Retrospective – The Cowboy Cup Tournament

On Saturday, June 11th, the Dallas Sumo Club held the first ever “Cowboy Cup” sumo tournament. Dallas Sumo oyakata Corey Morrison came up with the idea to hold an amateur sumo tournament in conjunction with FitCon the weekend of the 11th, in Ft. Worth Texas. What he could not have predicted at the time was how blasted hot it would be that day – more on that soon.

After seeing some amateur sumo tournaments struggle to put together a solid program, Corey was dedicated to doing the absolute best he could his first time out. The results were quite impressive. He gathered athletes from across the US to the DFW area, holding competition in 4 divisions, including a women’s division. I think that every sumo club in the state was represented in some form or other, and everyone had a great time, in spite of a temperature that reached 108°F in the shade of the club’s enormous tent.

I had the honor of being part of the commentary team for the 4+ hour live stream, that seems to have gone off flawlessly. It featured a live feed of each match, the random comments of myself and Laurie from Sumo Kaboom, and some interviews with class winners and VIPs. If you want to check out the live stream, you can find it here – https://www.youtube.com/watch?v=d_xHzuoKDFQ

Jake from Grand Sumo Breakdown joined up, and produced the actual brackets, announced the matches and the winners. There were a set of shimpan who recorded matches on their phones from the corners of the dohyo, and on the occasions where a monoii was required, the crew reviewed the phone camera video to see who had won.

The Women’s Division

This is the first amateur sumo tournament I have been a part of, and it was quite excellent. Sumo seems to have taken deep root in Texas, with clubs in Dallas, Austin and San Antonio at a minimum, and with each club gaining members as they go along. My congratulations to the US sumo community, the Dallas Sumo Club, and Corey Morrison for putting on a fantastic show.

If you live in Texas, and would like to give sumo a try, the clubs are quite welcoming to new joiners, I urge you to give it a shot.

This Weekend – Cowboy Cup Sumo Tournament

Saturday June 11th, at the Panther Island Pavilion in Ft Worth, the Dallas Sumo Club will be holding the “Cowboy Cup” amateur sumo event. Scheduled to run from noon to 4:00 PM, the tournament will feature rikishi from the local sumo club, Dark Circle in Austin, Mighty Eagle sumo from San Antonio, along with competitors from across the country.

Your truly will be part of the crew putting on the event, and you may even hear my voice on the live stream that is schedule to accompany the action at the Panther Island Pavilion. If you are in the greater DFW area, and wish to come watch, you can purchase tickets here – get tickets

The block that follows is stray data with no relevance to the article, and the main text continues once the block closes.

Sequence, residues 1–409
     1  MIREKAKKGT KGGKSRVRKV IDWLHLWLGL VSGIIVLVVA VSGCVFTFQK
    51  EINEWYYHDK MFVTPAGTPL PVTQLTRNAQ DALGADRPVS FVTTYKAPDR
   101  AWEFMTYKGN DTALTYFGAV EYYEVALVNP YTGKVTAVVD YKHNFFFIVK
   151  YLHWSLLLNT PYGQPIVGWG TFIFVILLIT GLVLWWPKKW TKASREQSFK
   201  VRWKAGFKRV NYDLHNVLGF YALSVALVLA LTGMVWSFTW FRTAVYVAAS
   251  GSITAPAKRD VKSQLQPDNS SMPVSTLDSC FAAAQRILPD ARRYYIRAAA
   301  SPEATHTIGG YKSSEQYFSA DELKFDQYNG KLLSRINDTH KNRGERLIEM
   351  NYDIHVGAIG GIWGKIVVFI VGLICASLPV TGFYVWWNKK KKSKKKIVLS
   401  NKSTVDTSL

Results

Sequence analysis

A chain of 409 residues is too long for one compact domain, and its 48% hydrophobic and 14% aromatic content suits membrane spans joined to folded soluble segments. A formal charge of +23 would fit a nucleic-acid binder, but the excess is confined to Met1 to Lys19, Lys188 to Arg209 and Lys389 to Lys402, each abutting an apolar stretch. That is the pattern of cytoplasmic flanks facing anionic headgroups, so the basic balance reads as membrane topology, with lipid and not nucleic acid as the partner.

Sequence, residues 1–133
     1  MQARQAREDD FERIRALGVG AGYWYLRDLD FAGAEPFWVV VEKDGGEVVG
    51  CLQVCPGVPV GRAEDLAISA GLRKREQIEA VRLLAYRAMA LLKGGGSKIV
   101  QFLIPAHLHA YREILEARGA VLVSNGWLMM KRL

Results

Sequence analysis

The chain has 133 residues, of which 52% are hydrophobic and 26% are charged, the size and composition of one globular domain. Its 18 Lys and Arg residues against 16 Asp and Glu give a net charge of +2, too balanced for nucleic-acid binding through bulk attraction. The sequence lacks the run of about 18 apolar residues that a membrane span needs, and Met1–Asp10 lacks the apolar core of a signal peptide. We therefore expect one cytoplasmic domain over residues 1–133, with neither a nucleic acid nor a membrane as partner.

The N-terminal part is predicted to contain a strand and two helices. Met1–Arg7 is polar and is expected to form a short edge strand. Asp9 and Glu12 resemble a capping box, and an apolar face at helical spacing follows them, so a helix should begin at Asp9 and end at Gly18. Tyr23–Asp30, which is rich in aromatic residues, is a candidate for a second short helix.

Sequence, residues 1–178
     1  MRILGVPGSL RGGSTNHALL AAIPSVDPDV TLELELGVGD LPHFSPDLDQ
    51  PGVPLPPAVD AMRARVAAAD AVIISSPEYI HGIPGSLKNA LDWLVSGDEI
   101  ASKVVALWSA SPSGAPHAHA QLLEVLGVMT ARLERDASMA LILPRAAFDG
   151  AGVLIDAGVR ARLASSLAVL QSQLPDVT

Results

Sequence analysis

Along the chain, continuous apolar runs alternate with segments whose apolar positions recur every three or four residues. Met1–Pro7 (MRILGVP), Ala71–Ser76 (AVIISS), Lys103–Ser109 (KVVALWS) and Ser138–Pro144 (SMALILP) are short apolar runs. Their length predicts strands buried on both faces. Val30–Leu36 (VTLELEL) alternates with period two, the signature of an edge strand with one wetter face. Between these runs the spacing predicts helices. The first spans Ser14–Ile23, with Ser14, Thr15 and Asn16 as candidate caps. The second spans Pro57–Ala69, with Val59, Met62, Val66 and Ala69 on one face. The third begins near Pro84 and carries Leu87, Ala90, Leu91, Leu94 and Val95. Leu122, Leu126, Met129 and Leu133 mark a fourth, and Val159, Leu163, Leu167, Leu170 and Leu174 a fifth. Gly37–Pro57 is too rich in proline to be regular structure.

If you wish to compete, this is the link for you – enter to compete

There will be a fair number of US sumo media people, including Jake from Grand Sumo Breakdown, Leslie from Sumo Kaboom, and of course my own self.

This should be a fun and interesting competition, it is taking place outdoors, in Texas, in June on a day when the temperature will be above 100°F (~38°C). If you come, bring some shade and be ready for red hot sumo!

Checking in on the Waseda Sumo Club

This week there’s been a flurry of activity on the Waseda Sumo Club’s blog. Most are authored by the club’s manager, a junior named Yoshimura.

They have set up a YouTube channel with a couple of short test videos featuring some practice bouts between Hashimoto (橋本) and Igarashi (五十嵐). One looks like a yorikiri win by Hashimoto and the other a hatakikomi win by Igarashi. If UNC (my alma mater) had a keiko-ba like this, I would have jumped at the chance to join. It looks like fun!

Seeing a woman with a mawashi reminds me of Lisa, my roommate’s girlfriend, and a few of her friends — not because she wore a mawashi but she was a gymnast, and I swear she would have destroyed me. I seem to remember she won more than a few sparring sessions against Matt in the living room, come to think of it. Sorry, these were in the days before YouTube so I do not have footage of those classic bouts. I did have a digital camera back then (I’ve always been an early adopter) but it had a floppy disk inside of it and the image quality wasn’t even anywhere near what you could get with one of those disposable cameras. And it definitely would not have handled video.

Waseda Chanko — 美味しそう!

Now that I’m in undergraduate-nostalgia-mode, I recall my diet in college was probably not optimal for competitive sumo. I think I would have had fewer pizzas, fried chicken tenders, fries, and pancakes if I had a sumo club. Instead, perhaps I would have eaten better chanko like what we see from the other posts this weekend. What we see here from Waseda’s post is a simple dish but would have been better than most cafeteria food and certainly better than what I would have been eating.

Yes, those pork buns are THAT good